[bitcoin-dev] Segregated Witness in the context of Scaling Bitcoin

Pieter Wuille pieter.wuille at gmail.com
Wed Dec 16 20:59:41 UTC 2015

On Wed, Dec 16, 2015 at 9:38 PM, Jeff Garzik via bitcoin-dev
<bitcoin-dev at lists.linuxfoundation.org> wrote:
> 4.3.  Observations on new block economic model
> SW complicates block economics by creating two separate, supply limited
> resources.

Not correct. I propose defining the virtual_block_size as base_size +
witness_size * 0.25, and limiting virtual_block_size to 1M. This
creates a single variable to optimize for. If accepted, miners are
incentived to maximize fee per virtual_block_size instead of per size.

Wallet software can individually choose whether to upgrade or not.
Once they upgrade, they get to perform 1.75x as many transactions for
the same fee (assuming non-complex transactions), and this is
independent of whether anyone else upgrades.

> 5.1.  Problem:  Pace of roll-out will be slow - Whole Ecosystem must be
> considered.
> The current apparent proposal is to roll out Segregated Witness as a soft
> fork, and keep block size at 1M.
> The roll-out pace cannot simply be judged by soft fork speed - which is
> months at best.  Analysis must the layers above:  Updating bitcoin-core (JS)
> and bitcoinj (Java), and then the timelines to roll out those updates to
> apps, and then the timeline to update those apps to create extended
> transactions.

Agree, however everyone can upgrade whenever they want, and get the
reduced fees as soon as they do. This is contrary to a hard fork,
which forces every full node to upgrade at once (though indeed, light
clients are not necessarily forced to upgrade).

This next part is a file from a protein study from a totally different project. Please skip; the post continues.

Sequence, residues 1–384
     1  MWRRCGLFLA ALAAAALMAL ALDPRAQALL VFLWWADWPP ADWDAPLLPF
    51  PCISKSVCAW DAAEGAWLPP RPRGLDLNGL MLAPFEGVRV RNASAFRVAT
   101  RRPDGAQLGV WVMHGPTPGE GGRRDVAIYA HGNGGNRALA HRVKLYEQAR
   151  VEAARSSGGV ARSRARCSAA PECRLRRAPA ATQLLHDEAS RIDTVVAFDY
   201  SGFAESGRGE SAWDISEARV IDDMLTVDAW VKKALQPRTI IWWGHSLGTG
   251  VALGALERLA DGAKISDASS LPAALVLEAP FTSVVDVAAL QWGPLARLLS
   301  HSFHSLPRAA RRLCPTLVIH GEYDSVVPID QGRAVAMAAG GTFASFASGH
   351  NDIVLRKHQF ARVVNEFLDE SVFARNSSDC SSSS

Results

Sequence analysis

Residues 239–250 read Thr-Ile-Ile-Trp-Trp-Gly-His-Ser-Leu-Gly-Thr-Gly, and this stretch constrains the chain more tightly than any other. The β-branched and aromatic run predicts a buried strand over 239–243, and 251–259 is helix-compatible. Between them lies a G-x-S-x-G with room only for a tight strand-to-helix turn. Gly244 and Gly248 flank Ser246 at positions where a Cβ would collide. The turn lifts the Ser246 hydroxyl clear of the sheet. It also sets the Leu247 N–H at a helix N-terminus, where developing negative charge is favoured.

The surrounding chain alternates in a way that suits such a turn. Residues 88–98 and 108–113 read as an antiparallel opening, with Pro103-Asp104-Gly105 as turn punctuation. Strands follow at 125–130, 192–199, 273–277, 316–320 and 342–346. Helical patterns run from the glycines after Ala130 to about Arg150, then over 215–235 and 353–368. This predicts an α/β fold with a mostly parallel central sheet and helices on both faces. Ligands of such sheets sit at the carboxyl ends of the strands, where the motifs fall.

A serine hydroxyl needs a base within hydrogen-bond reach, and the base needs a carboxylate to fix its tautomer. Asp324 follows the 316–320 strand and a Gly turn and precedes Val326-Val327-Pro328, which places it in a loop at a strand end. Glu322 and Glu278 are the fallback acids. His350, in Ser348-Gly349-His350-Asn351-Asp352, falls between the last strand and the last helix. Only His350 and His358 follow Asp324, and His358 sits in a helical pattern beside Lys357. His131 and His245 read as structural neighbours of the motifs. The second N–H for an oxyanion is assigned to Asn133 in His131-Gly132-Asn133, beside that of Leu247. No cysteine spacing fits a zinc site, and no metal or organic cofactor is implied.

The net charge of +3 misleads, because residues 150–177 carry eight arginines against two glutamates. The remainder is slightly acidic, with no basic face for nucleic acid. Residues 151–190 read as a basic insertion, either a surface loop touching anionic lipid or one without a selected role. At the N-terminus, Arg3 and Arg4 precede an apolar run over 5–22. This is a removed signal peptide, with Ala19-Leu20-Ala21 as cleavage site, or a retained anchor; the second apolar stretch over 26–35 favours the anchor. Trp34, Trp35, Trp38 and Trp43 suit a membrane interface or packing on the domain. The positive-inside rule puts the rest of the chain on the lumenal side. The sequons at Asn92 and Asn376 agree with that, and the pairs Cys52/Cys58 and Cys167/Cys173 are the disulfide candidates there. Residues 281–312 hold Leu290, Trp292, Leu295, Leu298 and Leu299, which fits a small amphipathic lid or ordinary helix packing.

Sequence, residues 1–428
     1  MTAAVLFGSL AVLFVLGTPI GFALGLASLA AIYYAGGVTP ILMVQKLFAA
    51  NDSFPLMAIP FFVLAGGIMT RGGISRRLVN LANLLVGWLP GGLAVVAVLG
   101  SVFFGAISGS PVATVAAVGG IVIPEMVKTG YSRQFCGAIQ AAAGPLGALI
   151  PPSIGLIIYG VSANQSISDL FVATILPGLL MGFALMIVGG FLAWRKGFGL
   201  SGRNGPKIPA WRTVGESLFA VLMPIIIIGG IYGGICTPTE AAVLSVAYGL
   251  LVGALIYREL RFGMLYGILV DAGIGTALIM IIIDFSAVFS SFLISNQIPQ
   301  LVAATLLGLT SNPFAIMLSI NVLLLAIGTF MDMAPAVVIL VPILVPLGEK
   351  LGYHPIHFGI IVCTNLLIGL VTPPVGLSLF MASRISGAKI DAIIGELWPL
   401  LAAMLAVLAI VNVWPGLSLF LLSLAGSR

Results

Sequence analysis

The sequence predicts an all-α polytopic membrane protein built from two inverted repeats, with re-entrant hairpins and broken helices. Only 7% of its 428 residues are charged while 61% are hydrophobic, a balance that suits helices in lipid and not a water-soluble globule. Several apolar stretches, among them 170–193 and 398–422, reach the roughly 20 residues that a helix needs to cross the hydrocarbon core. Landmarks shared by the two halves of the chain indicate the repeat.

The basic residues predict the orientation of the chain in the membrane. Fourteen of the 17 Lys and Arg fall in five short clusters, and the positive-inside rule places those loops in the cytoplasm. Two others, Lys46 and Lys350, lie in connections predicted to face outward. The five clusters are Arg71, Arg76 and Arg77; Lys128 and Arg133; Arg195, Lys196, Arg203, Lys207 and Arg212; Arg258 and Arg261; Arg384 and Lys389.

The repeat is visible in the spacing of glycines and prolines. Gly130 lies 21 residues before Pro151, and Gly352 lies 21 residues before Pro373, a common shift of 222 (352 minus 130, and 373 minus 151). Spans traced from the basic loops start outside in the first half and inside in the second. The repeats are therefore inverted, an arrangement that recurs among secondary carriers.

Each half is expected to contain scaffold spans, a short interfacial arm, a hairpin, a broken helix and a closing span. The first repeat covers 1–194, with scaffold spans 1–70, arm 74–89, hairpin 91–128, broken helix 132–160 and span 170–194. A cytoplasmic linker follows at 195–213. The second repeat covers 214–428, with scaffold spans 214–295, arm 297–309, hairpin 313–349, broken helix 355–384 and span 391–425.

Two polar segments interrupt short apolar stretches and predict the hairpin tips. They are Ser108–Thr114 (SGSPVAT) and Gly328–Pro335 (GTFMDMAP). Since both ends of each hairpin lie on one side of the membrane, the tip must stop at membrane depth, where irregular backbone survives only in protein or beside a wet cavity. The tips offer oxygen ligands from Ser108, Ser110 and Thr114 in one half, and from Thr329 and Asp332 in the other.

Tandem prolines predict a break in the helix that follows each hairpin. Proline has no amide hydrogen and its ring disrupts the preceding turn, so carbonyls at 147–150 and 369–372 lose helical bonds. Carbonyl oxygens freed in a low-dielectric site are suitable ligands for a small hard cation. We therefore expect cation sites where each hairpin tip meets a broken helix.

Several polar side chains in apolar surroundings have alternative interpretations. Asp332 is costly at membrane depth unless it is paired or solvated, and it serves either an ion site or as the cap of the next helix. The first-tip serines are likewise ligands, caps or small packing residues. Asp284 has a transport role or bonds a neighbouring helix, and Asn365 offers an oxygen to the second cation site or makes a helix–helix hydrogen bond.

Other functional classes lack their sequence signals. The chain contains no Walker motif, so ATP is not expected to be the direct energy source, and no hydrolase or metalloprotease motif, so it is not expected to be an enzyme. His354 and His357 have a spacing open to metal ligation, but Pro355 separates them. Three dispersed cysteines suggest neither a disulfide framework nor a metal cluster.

> 5.2.  Problem:   Hard fork to bigger block size Just Works(tm) with most
> software, unlike SW.
> A simple hard fork such as BIP 102 is automatically compatible with the vast
> range of today's ecosystem software.
> SW requires merchants to upgrade almost immediately, requires wallet and
> other peripheral software upgrades to make use of.  Other updates are opt-in
> and occur more slowly.  BIP 70 processors need some updates.
> The number of LOC that must change for BIP 102 is very small, and the
> problem domain well known, versus SW.

It multiplies all current DoS vectors by a factor equal to the
capacity increase factor. SW increases capacity while leaving several
worst-case effects constant.

> 5.4.  Problem:   More complex economic policy, new game theory, new bidding
> structure risks.
> Splitting blocks into two pieces, each with separate and distinct behaviors
> and resource values, creates two fee markets.

I believe you have misunderstood the proposal in that case.

> 5.5.  Problem:  Current SW mining algorithm needs improvement
> Current SW block template maker does a reasonable job, but makes some naive
> assumptions about the fee market across an entire extended block.  This is a
> mismatch with the economic reality (just described).

Again, I think you misunderstood. The proposal includes a single new
formula for block size, and optimizes for it. In case the proposal is
accepted, the mining code is automatically as optimal as it was

> 6. Conclusions and recommendations
> A "short term bump" hard fork block size increase addresses economic and
> ecosystem risks that SW does not.
> Bump + SW should proceed in parallel, independent tracks, as orthogonal
> issues.

I agree here. SW is not a replacement for a scale increase. However, I
think it can be adopted much more easily, as it doesn't require the
massively pervasive consensus that a hardfork requires to perform

> 7. Appendix - Other SW comments
> Hard forks provide much stronger validation, and ensure the network operates
> at a fully trustless level.
> SW hard fork is preferred, versus soft fork.  Soft forking SW places a huge
> amount of trust on miners to validate transaction signatures, versus the
> rest of the network, as the network slowly upgrades to newer clients.

But old clients may not care about the new rules, and they still
validate the old ones they chose to enforce.

Furthermore, soft forks cannot be prevented: miners can always choose
to enforce stronger rules than the network demands from them.


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